Panama’s key position has played a significant role in his energy policy. This sector, although broader, has two primary activities, Hydrocarbons and Electricity. Both sectors fall under the scope of the National Energy Secretariat and the Public Service Authority.
n the Hydrocarbon’s side, significant efforts have been advanced to secure special regimes from where fuel products, derivatives and alternate sources of combustion are imported, processed, stored, traded and exported. Given the high cost of operations and Panama’s priorities, these regimes are tax exempt and heavily regulated.
List of Fuel Free Zones:
- Aereopuerto Internacional de Tocumen, S.A. (Tocumen International Airport)
- Autoridad Maritima de Panama (Cristobal, Balboa)
- [PTP] Petroterminal de Panama, S.A. (Charco Azul, Chiriqui Grande)
- Petroport, S.A. (Cristobal)
- Refinería Panamá, S.A. (Bahía Las Minas)
- [APSA] Atlantic Pacific, S.A. (Rodman, Oleoduct Arraijan-Rodman)
- Decal Panama, S.A. (Taboguilla Island)
- [COASSA] Colon Oil and Services, S.A. (Coco Solo, Cristobal)
- Isla Melones Oil Terminal, Inc. (Melones Island)
The electric sector is also heavily regulated, its market rules are a reflection of a consistent stride to ensure a constant and efficient supply of electricity supply in Panama.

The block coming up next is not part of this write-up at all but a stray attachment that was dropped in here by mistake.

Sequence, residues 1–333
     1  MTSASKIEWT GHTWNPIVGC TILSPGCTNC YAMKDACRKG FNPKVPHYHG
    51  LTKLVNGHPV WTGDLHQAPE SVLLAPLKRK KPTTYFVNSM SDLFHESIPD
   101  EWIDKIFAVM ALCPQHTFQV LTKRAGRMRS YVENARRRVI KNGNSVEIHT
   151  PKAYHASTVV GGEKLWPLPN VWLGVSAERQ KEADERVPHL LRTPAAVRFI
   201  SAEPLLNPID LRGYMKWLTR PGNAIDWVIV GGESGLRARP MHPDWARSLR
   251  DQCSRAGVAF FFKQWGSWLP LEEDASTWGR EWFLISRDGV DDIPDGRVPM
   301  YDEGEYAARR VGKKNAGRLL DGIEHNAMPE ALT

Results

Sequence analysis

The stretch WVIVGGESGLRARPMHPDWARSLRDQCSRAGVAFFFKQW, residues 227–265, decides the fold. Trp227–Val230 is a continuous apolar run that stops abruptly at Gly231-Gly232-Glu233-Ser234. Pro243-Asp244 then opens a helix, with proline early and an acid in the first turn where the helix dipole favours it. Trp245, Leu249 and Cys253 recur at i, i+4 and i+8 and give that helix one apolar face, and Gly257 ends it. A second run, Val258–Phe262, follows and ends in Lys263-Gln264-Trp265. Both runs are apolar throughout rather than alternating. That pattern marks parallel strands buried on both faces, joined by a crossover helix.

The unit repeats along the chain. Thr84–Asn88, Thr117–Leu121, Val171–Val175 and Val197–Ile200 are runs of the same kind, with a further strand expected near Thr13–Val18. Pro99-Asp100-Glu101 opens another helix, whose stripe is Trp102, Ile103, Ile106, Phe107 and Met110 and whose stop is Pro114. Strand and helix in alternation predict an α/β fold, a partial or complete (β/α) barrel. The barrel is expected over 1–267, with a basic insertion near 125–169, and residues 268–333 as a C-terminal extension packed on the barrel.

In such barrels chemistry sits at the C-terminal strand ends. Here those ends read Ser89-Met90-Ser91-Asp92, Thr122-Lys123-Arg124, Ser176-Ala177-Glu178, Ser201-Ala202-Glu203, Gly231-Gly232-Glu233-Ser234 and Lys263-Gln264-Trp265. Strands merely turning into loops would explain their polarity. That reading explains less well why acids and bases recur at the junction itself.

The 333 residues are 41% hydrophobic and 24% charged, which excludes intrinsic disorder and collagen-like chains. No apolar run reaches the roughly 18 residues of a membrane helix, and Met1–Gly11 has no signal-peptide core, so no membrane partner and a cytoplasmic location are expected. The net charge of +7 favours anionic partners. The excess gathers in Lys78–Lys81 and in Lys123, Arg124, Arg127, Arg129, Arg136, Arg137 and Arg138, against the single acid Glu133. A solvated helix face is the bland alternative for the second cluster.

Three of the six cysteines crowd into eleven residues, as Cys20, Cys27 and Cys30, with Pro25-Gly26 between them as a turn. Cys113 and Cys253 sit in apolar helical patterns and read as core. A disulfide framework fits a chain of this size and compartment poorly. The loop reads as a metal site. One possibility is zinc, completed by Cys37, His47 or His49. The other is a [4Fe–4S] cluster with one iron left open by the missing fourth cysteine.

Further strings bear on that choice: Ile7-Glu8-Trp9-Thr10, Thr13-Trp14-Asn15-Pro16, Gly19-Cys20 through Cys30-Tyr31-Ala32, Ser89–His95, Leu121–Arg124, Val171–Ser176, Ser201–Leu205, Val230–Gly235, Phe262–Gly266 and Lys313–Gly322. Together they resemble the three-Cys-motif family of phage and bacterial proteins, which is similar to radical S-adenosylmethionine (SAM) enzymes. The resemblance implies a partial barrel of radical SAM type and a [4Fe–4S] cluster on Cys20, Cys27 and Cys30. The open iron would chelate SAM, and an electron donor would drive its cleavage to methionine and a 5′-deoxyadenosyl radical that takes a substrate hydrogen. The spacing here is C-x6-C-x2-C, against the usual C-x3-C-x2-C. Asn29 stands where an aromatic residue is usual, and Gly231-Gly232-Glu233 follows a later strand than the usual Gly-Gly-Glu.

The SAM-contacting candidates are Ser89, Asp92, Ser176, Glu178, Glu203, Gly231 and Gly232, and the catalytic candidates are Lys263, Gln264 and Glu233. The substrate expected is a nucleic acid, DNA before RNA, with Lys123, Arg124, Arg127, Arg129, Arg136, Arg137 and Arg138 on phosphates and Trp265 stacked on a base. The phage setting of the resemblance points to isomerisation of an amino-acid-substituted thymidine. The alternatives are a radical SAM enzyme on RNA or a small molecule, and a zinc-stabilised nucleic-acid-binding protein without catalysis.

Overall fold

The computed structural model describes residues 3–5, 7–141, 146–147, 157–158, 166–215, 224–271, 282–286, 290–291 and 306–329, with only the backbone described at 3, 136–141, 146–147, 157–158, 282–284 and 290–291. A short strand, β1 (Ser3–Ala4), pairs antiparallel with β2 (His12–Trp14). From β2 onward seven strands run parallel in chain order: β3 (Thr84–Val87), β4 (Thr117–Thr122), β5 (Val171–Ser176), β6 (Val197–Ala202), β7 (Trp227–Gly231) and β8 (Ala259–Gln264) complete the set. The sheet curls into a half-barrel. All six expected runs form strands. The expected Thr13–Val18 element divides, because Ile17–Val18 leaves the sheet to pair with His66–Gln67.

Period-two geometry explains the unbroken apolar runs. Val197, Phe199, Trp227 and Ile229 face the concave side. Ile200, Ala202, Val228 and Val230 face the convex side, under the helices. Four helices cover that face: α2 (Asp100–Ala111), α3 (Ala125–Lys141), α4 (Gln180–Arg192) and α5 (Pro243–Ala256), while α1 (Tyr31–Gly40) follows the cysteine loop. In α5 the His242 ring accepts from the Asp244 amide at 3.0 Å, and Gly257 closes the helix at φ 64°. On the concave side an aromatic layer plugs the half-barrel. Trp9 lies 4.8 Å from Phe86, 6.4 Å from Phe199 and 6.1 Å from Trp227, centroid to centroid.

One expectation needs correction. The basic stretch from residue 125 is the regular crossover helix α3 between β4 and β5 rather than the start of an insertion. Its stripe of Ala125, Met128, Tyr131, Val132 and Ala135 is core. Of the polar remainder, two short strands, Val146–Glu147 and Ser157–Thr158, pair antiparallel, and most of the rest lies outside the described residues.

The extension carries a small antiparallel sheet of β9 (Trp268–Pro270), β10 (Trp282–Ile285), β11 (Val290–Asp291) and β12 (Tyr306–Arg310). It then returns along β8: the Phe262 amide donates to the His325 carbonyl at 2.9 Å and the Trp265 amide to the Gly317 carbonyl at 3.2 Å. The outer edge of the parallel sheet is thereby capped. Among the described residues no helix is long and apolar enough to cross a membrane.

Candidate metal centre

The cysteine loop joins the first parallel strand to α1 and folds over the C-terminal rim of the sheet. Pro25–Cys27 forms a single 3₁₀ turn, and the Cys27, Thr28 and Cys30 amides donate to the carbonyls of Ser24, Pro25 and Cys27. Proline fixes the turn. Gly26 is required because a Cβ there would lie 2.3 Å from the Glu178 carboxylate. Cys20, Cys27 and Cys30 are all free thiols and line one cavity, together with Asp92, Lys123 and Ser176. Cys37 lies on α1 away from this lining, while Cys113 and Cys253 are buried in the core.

Our country has several hydroelectric and thermal generating power plants that not only cover local needs, but serve as an important trading commodity in the foreign market, hence the importance of electricity exportation. Panama is part of both SIEPAC (Electric Interconnection System Amongst Countries of Central America) and IPT (Interconnection between Panama and Colombia), therefore is capable to trade, import and export electricity with all the American continent.
Addressing concerns in these sectors requires highly specialised attorneys, as most regulations are proprietary of each sector. We at De Castro & Robles are proud to be in the capacity to advise on such matters.